Kim Jong-Nam killing: War of words after death of North Korean

The killing of his Kim Jong-Nam apparently with the nerve agent VX and allegedly on the orders of his half-brtother Kim Jong-Un gripped the world

The murder of the North Korean leader Kim Jong-Un's half-brother in a crowded Malaysian airport has made headlines worldwide -- although not, in so many terms, in the North itself.

Kim Jong-Nam, 45, the eldest son of the North's late ruler Kim Jong-Il and once seen as his heir-apparent, had lived a life of exile in China after falling out of favour.

He died on February 13 after being attacked by two women from Indonesia and Vietnam, allegedly hired by the North's agents.

South Korea and Malaysia have blamed the North, while Pyongyang has angrily denied involvement and accused both of trying to frame it and "smear" its reputation.

Here are some comments from key figures in the unfolding drama.

- South Korea slams 'paranoid' leader -

A day after the assassination, Seoul's spy chief, Lee Byung-Ho, told lawmakers that Kim had issued a "standing order" years ago to kill Jong-Nam -- a plan driven by the young leader's "paranoid personality".

"The assassination, if confirmed done by the North, would be a sign of Kim Jong-Un's paranoid personality rather than a calculated move to remove a political threat," Lee was quoted as saying by lawmakers after a closed-door briefing.

"There was one (assassination) bid in 2012, and Jong-Nam in April 2012 sent a letter to Jong-Un saying 'Please spare me and my family,'" multiple lawmakers quoted Lee as saying.

The South Korean government has since criticised use of the banned nerve agent VX as an "act of terror" and a "blatant violation" of the Chemical Weapons Convention.

South Korean foreign minister Yu Byung-Se described the murder as "a wake-up call... to North Korea's chemical weapons capability and its intent to actually use them".

"In the wake of this heinous act of using chemical weapons in Malaysia, we have to seriously consider what steps we should take in the coming weeks and months," he said.

- Malaysia fumes -

The rare, Cold War-style murder triggered widespread anger in Malaysia and sent diplomatic tensions with Pyongyang -- with which it has unusually strong ties -- soaring. Kuala Lumpur on Thursday cancelled a visa-free travel deal with North Korea.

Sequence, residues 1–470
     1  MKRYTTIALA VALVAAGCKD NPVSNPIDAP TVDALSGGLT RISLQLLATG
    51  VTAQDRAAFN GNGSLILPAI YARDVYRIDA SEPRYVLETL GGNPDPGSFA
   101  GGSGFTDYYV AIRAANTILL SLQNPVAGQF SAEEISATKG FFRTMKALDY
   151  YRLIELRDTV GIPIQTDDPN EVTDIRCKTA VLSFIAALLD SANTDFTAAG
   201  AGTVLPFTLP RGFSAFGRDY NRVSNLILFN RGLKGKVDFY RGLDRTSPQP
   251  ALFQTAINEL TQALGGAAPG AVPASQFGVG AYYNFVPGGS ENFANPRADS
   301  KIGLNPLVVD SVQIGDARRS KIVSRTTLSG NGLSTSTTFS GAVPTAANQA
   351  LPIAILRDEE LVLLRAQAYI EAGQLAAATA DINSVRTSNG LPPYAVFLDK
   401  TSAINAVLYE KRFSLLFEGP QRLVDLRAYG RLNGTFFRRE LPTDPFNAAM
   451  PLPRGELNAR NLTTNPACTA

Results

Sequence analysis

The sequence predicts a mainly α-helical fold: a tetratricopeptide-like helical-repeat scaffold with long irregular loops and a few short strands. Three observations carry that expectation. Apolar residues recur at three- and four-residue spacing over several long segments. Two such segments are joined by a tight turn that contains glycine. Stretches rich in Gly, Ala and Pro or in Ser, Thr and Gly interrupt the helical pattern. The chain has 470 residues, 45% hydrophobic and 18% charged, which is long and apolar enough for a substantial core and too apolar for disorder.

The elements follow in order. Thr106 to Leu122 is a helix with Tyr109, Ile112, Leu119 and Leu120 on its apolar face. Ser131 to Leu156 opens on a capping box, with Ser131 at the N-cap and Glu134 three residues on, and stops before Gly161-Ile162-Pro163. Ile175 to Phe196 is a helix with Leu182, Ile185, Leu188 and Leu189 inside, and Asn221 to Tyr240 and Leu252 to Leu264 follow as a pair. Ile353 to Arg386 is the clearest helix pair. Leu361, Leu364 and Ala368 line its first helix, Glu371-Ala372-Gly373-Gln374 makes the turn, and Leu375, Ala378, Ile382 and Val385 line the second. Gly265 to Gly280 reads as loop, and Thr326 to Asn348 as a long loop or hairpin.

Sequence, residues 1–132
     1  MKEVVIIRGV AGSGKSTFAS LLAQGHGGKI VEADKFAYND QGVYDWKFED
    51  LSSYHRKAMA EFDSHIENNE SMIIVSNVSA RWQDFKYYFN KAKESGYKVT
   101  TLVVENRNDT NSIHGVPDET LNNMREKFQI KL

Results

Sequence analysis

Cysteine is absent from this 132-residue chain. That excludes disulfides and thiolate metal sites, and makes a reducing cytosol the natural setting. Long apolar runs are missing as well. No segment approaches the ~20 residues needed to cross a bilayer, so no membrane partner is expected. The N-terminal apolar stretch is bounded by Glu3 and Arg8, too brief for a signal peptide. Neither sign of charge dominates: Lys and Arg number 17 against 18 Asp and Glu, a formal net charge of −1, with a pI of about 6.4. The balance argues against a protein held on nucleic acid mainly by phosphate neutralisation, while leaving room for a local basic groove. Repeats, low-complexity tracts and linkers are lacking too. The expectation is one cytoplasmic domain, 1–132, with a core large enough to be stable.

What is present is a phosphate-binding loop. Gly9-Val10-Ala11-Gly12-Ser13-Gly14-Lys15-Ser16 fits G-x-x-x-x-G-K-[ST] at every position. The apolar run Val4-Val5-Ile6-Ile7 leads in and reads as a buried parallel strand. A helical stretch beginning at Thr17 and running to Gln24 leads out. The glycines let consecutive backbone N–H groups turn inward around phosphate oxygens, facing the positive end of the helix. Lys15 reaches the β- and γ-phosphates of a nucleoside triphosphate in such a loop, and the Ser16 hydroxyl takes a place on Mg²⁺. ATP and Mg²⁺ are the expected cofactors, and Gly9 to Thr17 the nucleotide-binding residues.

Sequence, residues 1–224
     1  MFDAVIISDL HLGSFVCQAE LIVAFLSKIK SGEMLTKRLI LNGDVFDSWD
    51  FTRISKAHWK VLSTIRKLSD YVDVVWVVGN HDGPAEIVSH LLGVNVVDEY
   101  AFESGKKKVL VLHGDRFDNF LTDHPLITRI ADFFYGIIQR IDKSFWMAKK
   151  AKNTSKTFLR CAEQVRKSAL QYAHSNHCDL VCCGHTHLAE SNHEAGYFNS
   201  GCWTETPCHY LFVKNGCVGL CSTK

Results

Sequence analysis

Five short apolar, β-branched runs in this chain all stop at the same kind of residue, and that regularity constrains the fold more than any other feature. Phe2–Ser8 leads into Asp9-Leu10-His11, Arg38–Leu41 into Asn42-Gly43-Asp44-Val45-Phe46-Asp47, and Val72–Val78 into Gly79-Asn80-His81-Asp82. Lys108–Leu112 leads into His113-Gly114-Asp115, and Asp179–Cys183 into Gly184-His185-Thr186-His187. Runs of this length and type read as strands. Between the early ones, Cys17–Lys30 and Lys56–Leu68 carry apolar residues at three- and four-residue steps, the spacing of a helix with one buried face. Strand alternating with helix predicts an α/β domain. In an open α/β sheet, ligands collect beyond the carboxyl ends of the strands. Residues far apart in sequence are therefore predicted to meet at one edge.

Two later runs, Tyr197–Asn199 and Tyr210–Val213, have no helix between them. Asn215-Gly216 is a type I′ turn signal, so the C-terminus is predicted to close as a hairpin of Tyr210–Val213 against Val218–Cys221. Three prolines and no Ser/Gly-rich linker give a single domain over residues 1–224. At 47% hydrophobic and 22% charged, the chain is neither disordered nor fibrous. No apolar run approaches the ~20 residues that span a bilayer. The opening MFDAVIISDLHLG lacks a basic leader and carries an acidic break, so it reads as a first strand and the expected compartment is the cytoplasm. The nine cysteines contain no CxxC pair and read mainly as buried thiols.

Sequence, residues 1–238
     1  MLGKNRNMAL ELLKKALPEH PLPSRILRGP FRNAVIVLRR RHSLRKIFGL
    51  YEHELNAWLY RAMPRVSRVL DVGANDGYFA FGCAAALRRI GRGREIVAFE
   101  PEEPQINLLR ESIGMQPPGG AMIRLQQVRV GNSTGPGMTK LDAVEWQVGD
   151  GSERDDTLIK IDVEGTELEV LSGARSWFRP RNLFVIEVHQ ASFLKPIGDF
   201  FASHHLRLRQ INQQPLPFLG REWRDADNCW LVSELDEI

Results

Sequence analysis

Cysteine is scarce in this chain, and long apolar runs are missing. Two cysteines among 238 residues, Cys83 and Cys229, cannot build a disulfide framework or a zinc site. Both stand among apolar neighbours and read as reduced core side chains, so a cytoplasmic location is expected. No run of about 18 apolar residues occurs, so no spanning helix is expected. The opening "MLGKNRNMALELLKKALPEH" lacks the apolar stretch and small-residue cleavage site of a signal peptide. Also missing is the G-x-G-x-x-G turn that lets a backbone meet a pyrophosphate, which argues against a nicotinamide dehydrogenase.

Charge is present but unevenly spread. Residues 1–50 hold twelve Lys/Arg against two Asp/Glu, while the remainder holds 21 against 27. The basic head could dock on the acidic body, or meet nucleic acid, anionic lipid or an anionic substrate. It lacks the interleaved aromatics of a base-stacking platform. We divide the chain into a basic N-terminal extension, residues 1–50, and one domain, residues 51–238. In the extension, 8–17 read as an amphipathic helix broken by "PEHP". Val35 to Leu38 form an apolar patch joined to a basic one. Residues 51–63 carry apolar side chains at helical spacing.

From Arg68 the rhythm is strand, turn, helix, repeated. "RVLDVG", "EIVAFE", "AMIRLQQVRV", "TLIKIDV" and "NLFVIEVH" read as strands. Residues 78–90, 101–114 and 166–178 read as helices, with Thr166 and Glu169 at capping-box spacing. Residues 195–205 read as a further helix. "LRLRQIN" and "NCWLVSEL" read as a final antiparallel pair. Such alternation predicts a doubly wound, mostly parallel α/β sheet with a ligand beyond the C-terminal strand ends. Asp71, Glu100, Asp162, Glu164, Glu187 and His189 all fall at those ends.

Earlier, it recalled its ambassador to Pyongyang in protest and summoned Kang Chol, the North Korean ambassador to Malaysia, for questioning by police -- which Kang has so far has refused.

"The ambassador has been informed of the process involved (in the police probe) but he continues to be delusional and spew lies and accusations against the government of Malaysia," Malaysian foreign minister Anifah Aman said last week.

Malaysia's health minister confirmed that Jong-Nam would have suffered a "very painful death" after the attack, dying within 15 to 20 minutes.

The two women -- who have been indicted -- shoved something onto Jong-Nam's face, according to leaked CCTV footage.

"I am outraged that the criminals used such a dangerous chemical in a public area," Malaysian Environment Minister Wan Junaidi Tuanku Jaafar said last week as angry protestors waved a banner reading "Respect Malaysia" outside the North Korean embassy.

- North Korea blames 'smear campaign' -

So far the North has not confirmed the identity of the victim, referring to him only by a pseudonym he used, Kim Chol, and as a citizen who carried a diplomatic passport.

For more than a week after it happened, the North's official Korea Central News Agency (KCNA) made no reference to the killing, and when it did, it condemned a Malaysian autopsy as "illegal and immoral" and demanded the body be handed over.

The North maintained there was no clear evidence blaming it for the murder and accused the South, the US and Malaysia of framing Pyongyang as part of a "smear campaign" against the nation and its leader.

"The reckless moves of the US and the south Korean authorities are aimed to meet the dangerous political purpose to tarnish the image of the dignified DPRK and bring down the social system in it," KCNA said this week, using the North's official name.

"This being a hard fact, the US and the south Korean authorities are kicking up an anti-DPRK smear campaign, groundlessly pulling it up," it said.

China -- which is the North's sole major ally and economic lifeline, but is increasingly frustrated -- has banned all coal imports from its neighbour for the rest of this year.

The North did not release an official response but an essay published by KCNA lashed out at Beijing "mean behaviour", saying it was "styling itself a big power" but "dancing to the tune of the US".